New Amsterdam delivers as ever with “Cavitation”, an episode that raised important social concerns and put the characters through the wringer.
This recap of New Amsterdam Episode 5, “Cavitation”, contains spoilers. You can check out our thoughts on the previous episode by clicking these words.
You know you’re off to a racing start when the eternally upbeat cast of New Amsterdam begin an episode, as they do in “Cavitation”, sat morosely together, each taking it in turn to utter self-loathing comments about the depths of their failure. And when Max Goodwin (Ryan Eggold) walks in with a black eye and a newspaper, and the newspaper details a senseless death that has occurred at the hospital, and the opening line mentions a bullet, well… let’s just say things aren’t looking too good this week.
Even twenty-four hours prior, things aren’t looking good. There’s just something in the air. Max, who has lost his voice, is being shadowed by a journalist. Dr. Vijay Kapoor’s (Anupam Kher) son has arrived out of the blue, and Dr. Helen Sharpe (Freema Agyeman) has “diminished ovarian reserves”. (That’s technical jargon for, basically, “have a baby right now or not at all.”) And then the kids with gunshot wounds start coming in.
To save one of those kids, Dr. Lauren Bloom (Janet Montgomery) breaks protocol, which leads to a bollocking from Floyd Reynolds (Jocko Sims) and puts Max in an awkward position with the journo, who records their testy exchange. Max, to his credit, is more concerned with making sure that the reporting concerns the hospital and not any of the peripheral issues, such as whether or not the two gunshot victims were shot by the police unlawfully.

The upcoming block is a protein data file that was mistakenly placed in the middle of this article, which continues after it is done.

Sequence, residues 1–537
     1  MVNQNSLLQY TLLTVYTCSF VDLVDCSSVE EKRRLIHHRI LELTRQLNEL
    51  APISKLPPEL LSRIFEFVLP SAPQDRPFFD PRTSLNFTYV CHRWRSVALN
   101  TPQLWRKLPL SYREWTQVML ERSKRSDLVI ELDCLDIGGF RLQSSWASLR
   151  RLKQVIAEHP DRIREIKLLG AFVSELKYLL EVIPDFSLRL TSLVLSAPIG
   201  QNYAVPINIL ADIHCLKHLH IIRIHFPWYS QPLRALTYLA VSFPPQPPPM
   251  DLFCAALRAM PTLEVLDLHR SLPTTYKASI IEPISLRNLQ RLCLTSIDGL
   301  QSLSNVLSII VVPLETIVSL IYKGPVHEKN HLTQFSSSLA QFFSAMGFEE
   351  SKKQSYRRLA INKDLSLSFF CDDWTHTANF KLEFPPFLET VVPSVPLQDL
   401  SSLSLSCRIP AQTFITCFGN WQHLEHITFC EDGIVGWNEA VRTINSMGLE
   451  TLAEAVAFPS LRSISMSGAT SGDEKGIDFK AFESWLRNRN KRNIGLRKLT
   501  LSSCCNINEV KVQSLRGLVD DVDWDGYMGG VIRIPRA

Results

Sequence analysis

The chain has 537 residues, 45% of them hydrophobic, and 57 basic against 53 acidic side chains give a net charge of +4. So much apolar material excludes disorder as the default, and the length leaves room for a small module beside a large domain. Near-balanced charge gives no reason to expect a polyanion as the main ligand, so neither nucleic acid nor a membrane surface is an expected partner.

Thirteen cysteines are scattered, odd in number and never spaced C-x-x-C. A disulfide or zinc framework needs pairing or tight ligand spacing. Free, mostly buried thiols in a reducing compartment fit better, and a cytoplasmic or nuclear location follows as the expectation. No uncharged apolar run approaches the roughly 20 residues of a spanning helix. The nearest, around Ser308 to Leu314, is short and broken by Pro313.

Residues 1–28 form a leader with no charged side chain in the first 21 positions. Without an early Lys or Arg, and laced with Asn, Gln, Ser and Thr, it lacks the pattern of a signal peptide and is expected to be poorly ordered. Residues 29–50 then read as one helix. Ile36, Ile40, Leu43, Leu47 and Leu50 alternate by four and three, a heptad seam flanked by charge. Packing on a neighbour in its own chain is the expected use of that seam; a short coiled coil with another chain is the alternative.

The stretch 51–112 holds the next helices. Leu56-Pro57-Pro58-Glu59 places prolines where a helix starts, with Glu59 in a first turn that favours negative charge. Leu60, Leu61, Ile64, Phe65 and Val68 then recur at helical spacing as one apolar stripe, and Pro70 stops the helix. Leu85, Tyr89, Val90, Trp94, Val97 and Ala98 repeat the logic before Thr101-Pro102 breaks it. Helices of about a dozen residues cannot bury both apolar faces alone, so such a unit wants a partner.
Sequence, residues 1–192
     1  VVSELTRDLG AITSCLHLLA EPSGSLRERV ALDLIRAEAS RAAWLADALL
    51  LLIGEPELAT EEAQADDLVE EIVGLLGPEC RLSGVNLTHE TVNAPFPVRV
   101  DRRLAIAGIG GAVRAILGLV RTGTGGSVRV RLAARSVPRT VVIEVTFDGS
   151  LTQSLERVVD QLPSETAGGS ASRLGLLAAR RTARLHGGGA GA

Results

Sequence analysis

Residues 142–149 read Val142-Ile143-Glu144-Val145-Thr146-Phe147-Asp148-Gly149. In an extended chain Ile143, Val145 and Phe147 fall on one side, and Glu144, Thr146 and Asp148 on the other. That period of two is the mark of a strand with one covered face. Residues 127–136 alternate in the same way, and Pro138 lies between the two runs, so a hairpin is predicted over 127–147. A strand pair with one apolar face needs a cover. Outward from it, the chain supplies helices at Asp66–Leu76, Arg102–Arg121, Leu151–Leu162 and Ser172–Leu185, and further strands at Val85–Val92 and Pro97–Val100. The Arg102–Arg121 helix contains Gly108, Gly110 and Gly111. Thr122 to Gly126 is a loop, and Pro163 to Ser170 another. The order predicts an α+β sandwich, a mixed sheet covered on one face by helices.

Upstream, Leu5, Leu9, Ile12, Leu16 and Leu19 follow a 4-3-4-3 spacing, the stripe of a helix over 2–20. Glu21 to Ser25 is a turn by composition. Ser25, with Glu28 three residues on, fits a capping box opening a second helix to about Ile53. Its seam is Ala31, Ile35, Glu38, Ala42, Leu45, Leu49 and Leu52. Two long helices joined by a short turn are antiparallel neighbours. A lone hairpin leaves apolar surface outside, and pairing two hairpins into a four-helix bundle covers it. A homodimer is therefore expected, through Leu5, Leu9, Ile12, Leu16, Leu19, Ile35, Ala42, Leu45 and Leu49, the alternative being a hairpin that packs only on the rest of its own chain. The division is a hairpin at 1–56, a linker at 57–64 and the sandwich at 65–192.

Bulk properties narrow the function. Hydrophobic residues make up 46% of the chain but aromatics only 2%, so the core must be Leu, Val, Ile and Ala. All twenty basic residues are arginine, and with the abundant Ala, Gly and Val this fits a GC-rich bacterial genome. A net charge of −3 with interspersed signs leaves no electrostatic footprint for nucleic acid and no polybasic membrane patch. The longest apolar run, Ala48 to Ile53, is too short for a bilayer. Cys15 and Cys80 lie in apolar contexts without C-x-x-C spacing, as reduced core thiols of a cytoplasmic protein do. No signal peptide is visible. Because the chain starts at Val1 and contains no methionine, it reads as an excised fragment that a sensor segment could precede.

Iggy Frome (Tyler Labine), meanwhile, is cosying up to the aunt of one of the victims and trying to get in front of any psychiatric issues the boy might experience as a result of his trauma. (A lot of this is a good excuse for on-the-nose commentary about police prejudice.) He’s also fretting about an upcoming dinner with his husband; Kapoor, too, is letting his personal issues with his estranged junkie son effect his typically cool demeanour. You can’t just leave these things at the door.
The push and pull of “Cavitation” is about choosing sides. Whereas Max lays out pretty clearly why he can’t publicly support the mayor or the police in the on-going debate around whether the cops should be allowed to use devastating hollow-point ammunition, each of the other characters are forced to make serious last-minute decisions where sitting on the fence gets people killed. Sometimes those decisions don’t pay off, sometimes they do; the point is that having the courage to make them for the right reasons is what counts. Now there’s a story.
The opening might have sapped some of the surprise from the inevitable last-minute tragedy, but none of the power, thanks mostly to fine performances and that dreaded closing montage (seriously, I think that has got me in every single episode thus far.) But what lingers on from “Cavitation” is its truth, however manipulative and heavy-handed its delivery; the truth of tragedy, of life and death, and of hope. However bad a day might be, if you’re lucky, there’ll be another one right after it.